The 5 Best Songs Of The Week
We published a lot of features this week, and if you haven’t checked them all out you definitely should! We put a lot of time and energy into this stuff and your commentary is always welcome. Here’s a list in case you missed out:
- Stronger Than Death: Here’s Why We’re Excited For The The’s Comeback
- You Should Go See Turnstile
- My Son, Have You Grown: Braid Talk Frame & Canvas 20 Years Later
- The 10 Best Wye Oak Songs
- 10 Of The Best Elton John Covers
- A Decade Of Gaga: Looking Back At “Just Dance” On Its 10th Anniversary
- An Interview With Michael Imperioli About His New Lou Reed Novel
- It’s The Freakin’ Weeknd Baby, I’m About To Have Me Some Crushing Nihilistic Despair
- Here’s To 20 Years Of Kittie
- BlocBoy JB Is Ready To Take Over
- A Different Kind Of Buzz: Beholding Lorde’s Unconventional Pop Stardom On The Melodrama Tour
- Remembering “Hipster Metal” & The Sword’s Gods Of The Earth 10 Years Later
*Phew*. Needless to say, we’re kinda beat. Check out the five best songs of the week below.
“A$AP Forever” really, really should not work. It’s about the laziest song imaginable: Just A$AP Rocky rapping, in pure cruise-control mode, over the dazed synth-washes from Moby’s head-spun 1999 single “Porcelain.” That’s it. Nothing else. Rocky doesn’t even say much of consequence. And there’s a moment at the end where the song just straight-up turns into “Porcelain.” It’s not a sample. It’s a wholesale hijacking, albeit one that may well earn Moby a big pile of money. It’s a step beyond late-’90s Bad Boy obvious obliviousness, into some bold new world of unoriginality.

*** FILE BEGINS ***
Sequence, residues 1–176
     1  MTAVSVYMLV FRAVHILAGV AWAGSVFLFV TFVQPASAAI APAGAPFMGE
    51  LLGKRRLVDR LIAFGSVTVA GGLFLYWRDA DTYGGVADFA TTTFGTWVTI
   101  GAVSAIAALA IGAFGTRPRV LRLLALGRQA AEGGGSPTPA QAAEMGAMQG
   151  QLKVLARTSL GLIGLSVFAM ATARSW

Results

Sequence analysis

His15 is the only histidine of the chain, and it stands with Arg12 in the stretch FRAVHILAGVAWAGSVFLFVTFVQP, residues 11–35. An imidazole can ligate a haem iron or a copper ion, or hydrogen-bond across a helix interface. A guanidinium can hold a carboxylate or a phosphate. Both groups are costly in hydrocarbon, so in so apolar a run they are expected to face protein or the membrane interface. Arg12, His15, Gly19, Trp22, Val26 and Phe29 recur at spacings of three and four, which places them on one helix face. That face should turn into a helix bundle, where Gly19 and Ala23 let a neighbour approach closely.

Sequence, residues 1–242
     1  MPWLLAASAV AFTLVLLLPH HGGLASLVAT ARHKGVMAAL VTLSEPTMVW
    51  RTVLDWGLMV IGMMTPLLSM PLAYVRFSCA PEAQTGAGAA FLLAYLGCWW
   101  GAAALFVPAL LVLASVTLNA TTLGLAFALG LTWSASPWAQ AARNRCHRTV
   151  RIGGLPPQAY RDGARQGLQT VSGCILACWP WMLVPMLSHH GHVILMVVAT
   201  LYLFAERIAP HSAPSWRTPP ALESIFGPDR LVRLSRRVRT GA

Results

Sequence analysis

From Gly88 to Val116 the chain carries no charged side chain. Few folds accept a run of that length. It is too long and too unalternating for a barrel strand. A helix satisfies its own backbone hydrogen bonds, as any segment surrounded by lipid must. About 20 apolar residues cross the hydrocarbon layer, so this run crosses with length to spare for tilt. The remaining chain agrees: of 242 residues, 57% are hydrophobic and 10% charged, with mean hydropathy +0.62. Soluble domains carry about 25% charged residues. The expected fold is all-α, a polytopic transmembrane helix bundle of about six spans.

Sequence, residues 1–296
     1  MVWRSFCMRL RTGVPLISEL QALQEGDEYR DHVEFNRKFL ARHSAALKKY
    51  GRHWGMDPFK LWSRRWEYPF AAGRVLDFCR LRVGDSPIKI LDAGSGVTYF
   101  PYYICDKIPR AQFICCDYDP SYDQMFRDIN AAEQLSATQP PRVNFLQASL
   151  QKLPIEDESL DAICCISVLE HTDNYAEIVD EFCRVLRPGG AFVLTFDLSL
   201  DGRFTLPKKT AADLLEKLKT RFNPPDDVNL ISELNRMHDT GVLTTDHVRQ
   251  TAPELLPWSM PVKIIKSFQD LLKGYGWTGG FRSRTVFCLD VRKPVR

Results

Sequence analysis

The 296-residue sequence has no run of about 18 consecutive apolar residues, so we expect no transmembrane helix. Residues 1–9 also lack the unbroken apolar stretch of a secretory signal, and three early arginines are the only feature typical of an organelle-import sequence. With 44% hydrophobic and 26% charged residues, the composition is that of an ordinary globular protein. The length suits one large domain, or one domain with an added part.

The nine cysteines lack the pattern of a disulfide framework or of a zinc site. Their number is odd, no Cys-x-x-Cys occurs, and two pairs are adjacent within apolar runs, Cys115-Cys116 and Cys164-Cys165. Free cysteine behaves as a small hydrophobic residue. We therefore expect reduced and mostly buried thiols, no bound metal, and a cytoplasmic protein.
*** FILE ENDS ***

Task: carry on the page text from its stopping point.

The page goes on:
But on the other hand: Whoo! Part of it, of course, is that “Porcelain” is a great song. It’s probably the second-best Moby song. (The best Moby song is “Go,” which itself was an obvious jack of the Twin Peaks theme music. I don’t know if anyone could turn “Go” into a rap song, though I’d like to see someone try.) And Rocky floats lazily, beautifully over those gorgeous synth tones, making a heretofore undiscovered connection between Moby’s original and his own cloud-rap roots. Somebody listens to techno! –Tom
The power of vintage dream-pop was often rooted in its elusiveness — the music could be so impressionistic, the themes so indecipherable, that it could conjure up whatever place or memory you wanted it to. And when it comes to modern artists that revive the idiom, there can be layers to that vague set of references. On Hatchie’s new single “Sugar & Spice,” Harriet Pillbeam seems to be giving us a perfect tribute to the moment where dream-pop seeped into the mainstream via ’90s indie-pop crossover hits. But at the same time that it feels like an echo of something that happened, it also feels like an echo of something that never really existed.
There are trademark dream-pop elements here: the churning guitars, the fact that it sounds like one long elated sigh, the fact that Pillbeam’s Australian accent warps the words of the chorus into multiple interpretations. (The lyric is “We could outlast it all,” but it sounds like she’s singing “We could’ve lost it all.”) But at the same time, those cooing punctuations at the beginning feel like a more contemporary indie trick and the melodies are (ahem) sugary pop hooks, more like those a straight-up mainstream pop songwriter of the time might’ve written. Sometimes dream-pop elicits memories and images from the ether. Speaking as a child of the ‘90s, “Sugar & Spice” elicits a fictional memory for me, a montage in some futuristic shopping mall that’ll never exist, soundtracked by this song’s giant, glittering refrain. I guess that’s what dreams, and songs like this, are supposed to do anyway: take the elements we think we know and scramble them into something new but semi-recognizable, wistful but euphoric. –Ryan